The most important theme of The Mayor of Casterbridge clearly concerns the weight and demands of the past. Not everyone has a secret in her or his past comparable with Henchard's, but many people have some element of the past they would like to change, ignore, or escape. Following the initial scenes Henchard seems to have done the impossible. After his brief and frantic search for Susan and Elizabeth-Jane, he takes up his life again with great success. In a brief span of twenty years he settles in the modest town of Casterbridge, becomes its most prominent grain merchant, earns election to the town council and eventually to the mayoralty, and serves the community as a churchwarden.
But as often happens in a tragic play, and Hardy clearly intended The Major of Casterbridge to resemble such a drama, just as Henchard's fortunes seem at their highest point, the forces that will bring him down are already gathering. His former wife, believing her sailor husband has died, brings her daughter to Casterbridge on rumors that he has settled there, only to discover to her delight that he is a prominent citizen. On the eve on his reconciliation with his lost family he forces his great affections on an enterprising young Scotsman, Donald Farfrae, whom he grooms as his protege, his confidant, and in some ways his surrogate son. But as the plot develops, he and Farfrae will become rivals, first in trade, later in citizenship, and eventually for love; as...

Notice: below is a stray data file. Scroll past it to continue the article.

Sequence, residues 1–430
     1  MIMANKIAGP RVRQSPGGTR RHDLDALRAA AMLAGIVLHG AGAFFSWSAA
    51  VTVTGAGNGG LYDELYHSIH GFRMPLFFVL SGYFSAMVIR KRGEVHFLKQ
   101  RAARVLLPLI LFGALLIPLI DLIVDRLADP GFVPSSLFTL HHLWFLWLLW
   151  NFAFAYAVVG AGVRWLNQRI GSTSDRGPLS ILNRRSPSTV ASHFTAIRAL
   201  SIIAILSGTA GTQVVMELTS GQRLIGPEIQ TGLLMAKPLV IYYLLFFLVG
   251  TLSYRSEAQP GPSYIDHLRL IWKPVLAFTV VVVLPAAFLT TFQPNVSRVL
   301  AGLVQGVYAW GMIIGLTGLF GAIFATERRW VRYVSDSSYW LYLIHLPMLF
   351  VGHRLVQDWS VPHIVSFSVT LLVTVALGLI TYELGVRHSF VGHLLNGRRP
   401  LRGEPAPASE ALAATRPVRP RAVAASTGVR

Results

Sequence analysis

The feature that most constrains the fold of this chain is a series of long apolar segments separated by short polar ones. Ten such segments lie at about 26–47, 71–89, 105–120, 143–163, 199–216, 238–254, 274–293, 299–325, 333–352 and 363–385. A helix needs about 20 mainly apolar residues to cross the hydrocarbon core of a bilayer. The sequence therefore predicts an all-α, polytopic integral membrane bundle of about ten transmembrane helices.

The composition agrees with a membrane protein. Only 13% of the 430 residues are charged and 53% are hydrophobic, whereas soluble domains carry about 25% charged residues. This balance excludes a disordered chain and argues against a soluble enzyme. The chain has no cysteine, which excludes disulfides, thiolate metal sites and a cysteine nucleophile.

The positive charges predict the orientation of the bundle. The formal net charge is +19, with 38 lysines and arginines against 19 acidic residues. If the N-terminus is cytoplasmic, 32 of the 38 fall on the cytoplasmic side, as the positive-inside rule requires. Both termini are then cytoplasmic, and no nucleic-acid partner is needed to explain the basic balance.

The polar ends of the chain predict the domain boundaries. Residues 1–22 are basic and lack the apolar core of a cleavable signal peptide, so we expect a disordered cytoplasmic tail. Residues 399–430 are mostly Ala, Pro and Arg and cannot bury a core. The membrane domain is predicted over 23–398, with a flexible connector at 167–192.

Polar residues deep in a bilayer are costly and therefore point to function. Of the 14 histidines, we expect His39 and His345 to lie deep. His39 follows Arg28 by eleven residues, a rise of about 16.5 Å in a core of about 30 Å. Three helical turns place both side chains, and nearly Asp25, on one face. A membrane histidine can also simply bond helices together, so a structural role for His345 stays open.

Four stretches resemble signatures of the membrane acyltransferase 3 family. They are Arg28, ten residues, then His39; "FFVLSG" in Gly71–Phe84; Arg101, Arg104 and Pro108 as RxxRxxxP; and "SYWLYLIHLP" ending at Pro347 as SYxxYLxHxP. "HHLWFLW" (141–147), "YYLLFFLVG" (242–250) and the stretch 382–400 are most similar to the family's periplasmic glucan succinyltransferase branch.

(The entire section is 2348 words.)
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The idea of a blind, arbitrary fate is a central theme in Hardy’s fiction. Although this fate is blind, it is not neutral but almost always cruel. It is a force that brings suffering and feels no pity or remorse.
In The Mayor of Casterbridge, blind fate manifests as a series of ruinous coincidences and unforeseeable circumstances. Such coincidences and circumstances seem to conspire against Michael Henchard from the opening scenes. There are two shops offering food at the fair; one clearly advertises that it sells liquor, but the other seems not to do so. Susan, knowing Michael’s weakness for alcohol, steers him to what seems to be the “safer” of the two establishments. But, as fate would have it, the proprietor there sells rum on the sly, and Michael is soon drunk and loudly insisting on his desire to sell his wife.
Next, along comes a coincidence in the person of a man who has both the money and the inclination to accept the offer that Henchard has been unwilling to let drop in spite of attempts by his wife and others to silence him. The man happens to be a sailor who takes Susan to Canada, far beyond Michael’s reach as he searches for her.
And so the tide of fate that will carry Michael inexorably to his tragic end gathers strength. It is not swayed by Henchard’s repentance, by his shame, by his vow not to drink, or by his lifelong efforts to right his wrong. It is as if a...
(The entire section is 595 words.)